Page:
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Iran, Pakistan hindering work on Afghanistan’s dams

in Afghan Business

Iran, Pakistan hindering work on Afghanistan’s dams

salma damAs the US war in Afghanistan is in its twilight, there are fears about disputes over water resources to become causes of regional crises.

Kabul is hoping to build dams and water systems to generate power—a move that have put many neighboring countries on alert.

While Pakistan and Iran claim that such projects may result in human crisis, Kabul accuse the two countries of preventing the construction of dams and irrigation systems, adding to the turmoil in the country.

As the three nations have not reached to an agreement on sharing water, diplomatic tensions have caused  violence to grow along the borders among these nations.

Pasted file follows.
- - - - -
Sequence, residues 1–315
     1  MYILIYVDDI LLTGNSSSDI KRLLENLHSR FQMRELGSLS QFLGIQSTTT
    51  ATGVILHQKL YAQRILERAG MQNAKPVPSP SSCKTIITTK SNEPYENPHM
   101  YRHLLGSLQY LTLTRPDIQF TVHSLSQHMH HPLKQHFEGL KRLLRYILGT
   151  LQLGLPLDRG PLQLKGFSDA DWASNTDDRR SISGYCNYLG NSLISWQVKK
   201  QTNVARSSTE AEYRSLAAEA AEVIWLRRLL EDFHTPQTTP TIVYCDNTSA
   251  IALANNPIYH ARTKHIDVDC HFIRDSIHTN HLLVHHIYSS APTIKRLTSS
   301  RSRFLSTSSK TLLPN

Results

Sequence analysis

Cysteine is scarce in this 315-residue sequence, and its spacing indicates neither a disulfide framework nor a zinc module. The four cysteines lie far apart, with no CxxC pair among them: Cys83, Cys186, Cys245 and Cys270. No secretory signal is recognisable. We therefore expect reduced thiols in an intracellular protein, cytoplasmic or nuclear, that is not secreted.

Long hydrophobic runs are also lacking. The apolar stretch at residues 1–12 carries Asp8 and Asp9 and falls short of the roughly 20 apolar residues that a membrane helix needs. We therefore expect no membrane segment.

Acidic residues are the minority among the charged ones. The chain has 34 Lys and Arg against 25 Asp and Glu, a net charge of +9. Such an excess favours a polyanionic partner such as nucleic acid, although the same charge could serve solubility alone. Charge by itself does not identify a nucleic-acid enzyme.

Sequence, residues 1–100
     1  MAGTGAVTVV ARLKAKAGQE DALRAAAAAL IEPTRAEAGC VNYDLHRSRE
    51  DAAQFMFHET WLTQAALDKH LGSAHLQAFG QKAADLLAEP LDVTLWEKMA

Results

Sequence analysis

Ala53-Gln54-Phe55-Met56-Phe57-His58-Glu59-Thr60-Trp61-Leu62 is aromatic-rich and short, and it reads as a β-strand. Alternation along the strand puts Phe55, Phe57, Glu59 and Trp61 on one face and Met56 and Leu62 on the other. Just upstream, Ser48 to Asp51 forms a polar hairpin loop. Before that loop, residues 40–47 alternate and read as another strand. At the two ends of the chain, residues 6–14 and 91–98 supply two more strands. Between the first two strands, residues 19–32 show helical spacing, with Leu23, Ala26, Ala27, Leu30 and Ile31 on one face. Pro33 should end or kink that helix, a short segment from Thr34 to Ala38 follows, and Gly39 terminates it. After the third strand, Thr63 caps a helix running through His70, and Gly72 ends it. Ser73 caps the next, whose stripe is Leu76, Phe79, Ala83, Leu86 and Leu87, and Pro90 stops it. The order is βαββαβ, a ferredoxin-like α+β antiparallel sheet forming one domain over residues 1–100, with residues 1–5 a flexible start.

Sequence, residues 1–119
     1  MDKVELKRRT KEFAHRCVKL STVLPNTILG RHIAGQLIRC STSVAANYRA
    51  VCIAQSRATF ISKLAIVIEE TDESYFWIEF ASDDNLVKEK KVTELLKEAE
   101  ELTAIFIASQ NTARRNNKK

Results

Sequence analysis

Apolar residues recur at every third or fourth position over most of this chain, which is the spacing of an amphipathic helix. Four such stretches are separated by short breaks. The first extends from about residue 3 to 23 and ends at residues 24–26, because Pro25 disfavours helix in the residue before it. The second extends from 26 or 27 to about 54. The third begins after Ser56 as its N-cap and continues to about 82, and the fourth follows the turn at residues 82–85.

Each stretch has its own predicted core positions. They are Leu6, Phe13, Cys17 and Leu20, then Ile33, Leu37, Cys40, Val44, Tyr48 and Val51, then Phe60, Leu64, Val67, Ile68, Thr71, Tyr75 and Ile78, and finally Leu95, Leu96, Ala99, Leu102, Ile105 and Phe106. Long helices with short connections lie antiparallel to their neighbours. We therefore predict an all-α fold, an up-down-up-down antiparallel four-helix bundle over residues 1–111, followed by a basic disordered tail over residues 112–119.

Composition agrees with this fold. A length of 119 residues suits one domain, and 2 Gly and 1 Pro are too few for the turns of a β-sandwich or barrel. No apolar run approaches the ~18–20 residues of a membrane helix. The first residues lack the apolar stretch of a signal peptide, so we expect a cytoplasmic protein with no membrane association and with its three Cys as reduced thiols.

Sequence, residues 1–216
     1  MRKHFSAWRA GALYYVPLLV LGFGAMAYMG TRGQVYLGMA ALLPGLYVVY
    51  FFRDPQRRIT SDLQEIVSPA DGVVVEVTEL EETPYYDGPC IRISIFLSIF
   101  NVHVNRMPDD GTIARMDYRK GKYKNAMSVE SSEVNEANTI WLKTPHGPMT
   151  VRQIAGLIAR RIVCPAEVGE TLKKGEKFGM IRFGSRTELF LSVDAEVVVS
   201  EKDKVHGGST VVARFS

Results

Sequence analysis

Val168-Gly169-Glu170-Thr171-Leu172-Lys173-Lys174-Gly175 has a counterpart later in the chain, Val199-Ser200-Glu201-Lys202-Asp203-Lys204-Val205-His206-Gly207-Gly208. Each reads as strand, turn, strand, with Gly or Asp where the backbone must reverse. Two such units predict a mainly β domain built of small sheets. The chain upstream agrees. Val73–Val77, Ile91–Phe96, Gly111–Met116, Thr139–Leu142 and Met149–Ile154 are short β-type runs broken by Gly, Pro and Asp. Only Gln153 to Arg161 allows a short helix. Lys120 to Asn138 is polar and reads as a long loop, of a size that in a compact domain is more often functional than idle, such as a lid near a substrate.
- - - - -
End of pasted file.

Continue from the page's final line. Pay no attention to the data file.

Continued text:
President Hamid Karzai on a joint televised debate between the BBC and the National Television of Afghanistan accused Pakistan and Iran of causing obstacles to the construction of dams and irrigation systems.

Nimroz Provincial Council Deputy Mohammad Nadir Balooch said Iranian forces repeatedly interfere in the implementation of dam projects.

Pakistan and Iran have built dams and irrigation systems on the rivers and seas that originate from Afghanistan.

According to reports, Afghanistan does not benefit from 2/3rd of the water that flow into the Pakistan and Iran, and it cannot utilize completely the remaining part of the water to which it has access.

The Salma Dam in Herat prevents USD 180mn worth of water from flowing into Iran. Afghan officials claim that Iran’s constant intrusion has resulted in the delay of the project. Iranian officials, on the other hand, have denied such accusations.

Tensions from Pakistan are also on the rise.

Dwellers of Eastern Afghanistan alleged that Pakistan encroach by firing rockets on the projects that prevent flow of water into Pakistan.

A major portion of water that flows into Pakistan will stop upon the completion of major dams on Kabul and Kunar rivers.

 

 



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